# New Light

Our legal system assumes that a defendant is innocent until proven guilty beyond a reasonable doubt. But what constitutes a reasonable doubt? Law professors Ariel Porat and Alon Harel suggest that an “aggregate probabilities principle” might help to determine whether an accused party is innocent or guilty.

Suppose we’ve decided that the evidence must indicate a probability of 95 percent guilt before we’re willing to declare a defendant guilty. Mr. Smith is accused of two separate crimes, with a 90 percent probability of guilt in each case. Under the 95 percent rule he’d be acquitted of both crimes. But Porat and Harel point out that there’s a 10 percent chance that Smith is innocent of each crime, and aggregating the probabilities gives a 0.10 × 0.10 = 0.01 chance that Smith is innocent of both — that is, there’s a 99 percent chance that he’s guilty of at least one of the offenses.

On the other hand, consider Miller, who is also accused of two different crimes. Suppose that the evidence gives a 95 percent probability that he committed each crime. Normally he’d be convicted of both offenses, but aggregating the probabilities gives a 0.95 × 0.95 = 0.9025 chance that he’s guilty of both offenses, and hence he’d be acquitted of one.

In A Mathematical Medley (2010), mathematician George Szpiro points out that this practice can produce some paradoxical outcomes. Peter and Paul are each accused of a crime, each with a 90 percent chance of being guilty. Normally both would be acquitted. But suppose that each was accused of a similar crime in the past, Peter with a 90 percent chance of guilt and Paul with a 95 percent chance. Accordingly Peter was acquitted and Paul went to prison. But historically Peter has now been accused of two crimes, with a 90 percent chance of guilt in each case; according to the reasoning above he ought to be convicted of one of the two crimes and hence ought to go to jail today. Paul has also been accused of two crimes, with a 0.95 × 0.90 = 0.855 chance that he’s guilty of both. He’s already served one prison term, so the judge ought to acquit him today.

Szpiro writes, “Thus we have the following scenario: in spite of the evidence being identical, the previously convicted Peter is acquitted, while Paul, with a clean record, is incarcerated.”

(Ariel Porat and Alon Harel, “Aggregating Probabilities Across Offences in Criminal Law,” Public Law Working Paper #204, University of Chicago, 2008; George Szpiro, A Mathematical Medley, 2010.)

# Podcast Episode 132: The Mad Gasser of Mattoon

In 1944, a bizarre criminal assaulted the small town of Mattoon, Illinois. Victims reported smelling a sickly sweet odor in their bedrooms before being overcome with nausea and a feeling of paralysis. In this week’s episode of the Futility Closet podcast we’ll pursue the mad gasser of Mattoon, who vanished as quickly as he had struck, leaving residents to wonder whether he had ever existed at all.

We’ll also ponder the concept of identical cousins and puzzle over a midnight stabbing.

See full show notes …

# Podcast Episode 125: The Campden Wonder

When William Harrison disappeared from Campden, England, in 1660, his servant offered an incredible explanation: that he and his family had murdered him. The events that followed only proved the situation to be even more bizarre. In this week’s episode of the Futility Closet podcast we’ll describe “the Campden wonder,” an enigma that has eluded explanation for more than 300 years.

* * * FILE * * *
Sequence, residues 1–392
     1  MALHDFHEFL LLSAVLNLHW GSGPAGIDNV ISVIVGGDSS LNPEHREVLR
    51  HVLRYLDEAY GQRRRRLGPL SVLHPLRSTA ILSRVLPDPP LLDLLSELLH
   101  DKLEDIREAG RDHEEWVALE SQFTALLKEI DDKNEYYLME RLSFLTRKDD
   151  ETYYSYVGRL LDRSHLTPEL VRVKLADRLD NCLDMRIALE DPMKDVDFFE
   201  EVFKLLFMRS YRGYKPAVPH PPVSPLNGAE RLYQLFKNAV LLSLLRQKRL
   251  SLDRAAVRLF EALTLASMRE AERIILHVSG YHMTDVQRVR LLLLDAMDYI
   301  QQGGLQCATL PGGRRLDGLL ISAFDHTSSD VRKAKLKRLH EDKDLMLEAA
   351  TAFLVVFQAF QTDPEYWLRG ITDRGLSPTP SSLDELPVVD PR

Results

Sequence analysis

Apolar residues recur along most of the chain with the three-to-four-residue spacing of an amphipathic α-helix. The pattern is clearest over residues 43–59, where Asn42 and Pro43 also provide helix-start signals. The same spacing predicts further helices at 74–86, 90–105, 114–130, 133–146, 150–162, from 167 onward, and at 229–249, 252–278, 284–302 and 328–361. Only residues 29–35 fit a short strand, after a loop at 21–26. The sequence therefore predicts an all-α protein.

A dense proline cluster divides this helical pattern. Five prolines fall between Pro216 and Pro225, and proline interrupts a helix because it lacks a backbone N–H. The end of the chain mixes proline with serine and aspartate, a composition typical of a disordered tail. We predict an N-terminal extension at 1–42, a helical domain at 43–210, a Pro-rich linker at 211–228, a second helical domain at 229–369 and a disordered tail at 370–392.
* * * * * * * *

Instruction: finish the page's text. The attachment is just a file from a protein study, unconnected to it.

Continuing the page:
We’ll also consider Vladimir Putin’s dog and puzzle over a little girl’s benefactor.

See full show notes …

# Podcast Episode 124: D.B. Cooper

In 1971 a mysterious man hijacked an airliner in Portland, Oregon, demanding \$200,000 and four parachutes. He bailed out somewhere over southwestern Washington and has never been seen again. In today’s show we’ll tell the story of D.B. Cooper, the only unsolved hijacking in American history.

We’ll also hear some musical disk drives and puzzle over a bicyclist’s narrow escape.

See full show notes …

# Rotary Jails

Architect William H. Brown had a curious brainstorm in 1881 — a jail in which moving cells shared a single door:

The object of our invention is to produce a jail or prison in which prisoners can be controlled without the necessity of personal contact between them and the jailer or guard. … [It] consists, first, of a circular cell structure of considerable size (inside the usual prison-building) divided into several cells capable of being rotated, and surrounded by a grating in close proximity thereto, which has only such number of openings (usually one) as is necessary for the convenient handling of the prisoners.

The cell block, supported by ball bearings, could be turned by a single man with a hand crank. While it had a certain efficient appeal, in practice the jail proved dangerous, crushing prisoners’ limbs and raising concerns about safety during a fire. The last rotary jail was condemned in 1939; the only surviving example is in Crawfordsville, Indiana.

(Strangely related: Jeremy Bentham’s Panopticon. Thanks, Jon.)

# Podcast Episode 120: The Barnes Mystery

In 1879 a ghastly crime gripped England: A London maid had dismembered her employer and then assumed her identity for two weeks, wearing her clothes and jewelry and selling her belongings. In this week’s episode of the Futility Closet podcast we’ll describe the murder of Julia Thomas and its surprising modern postscript.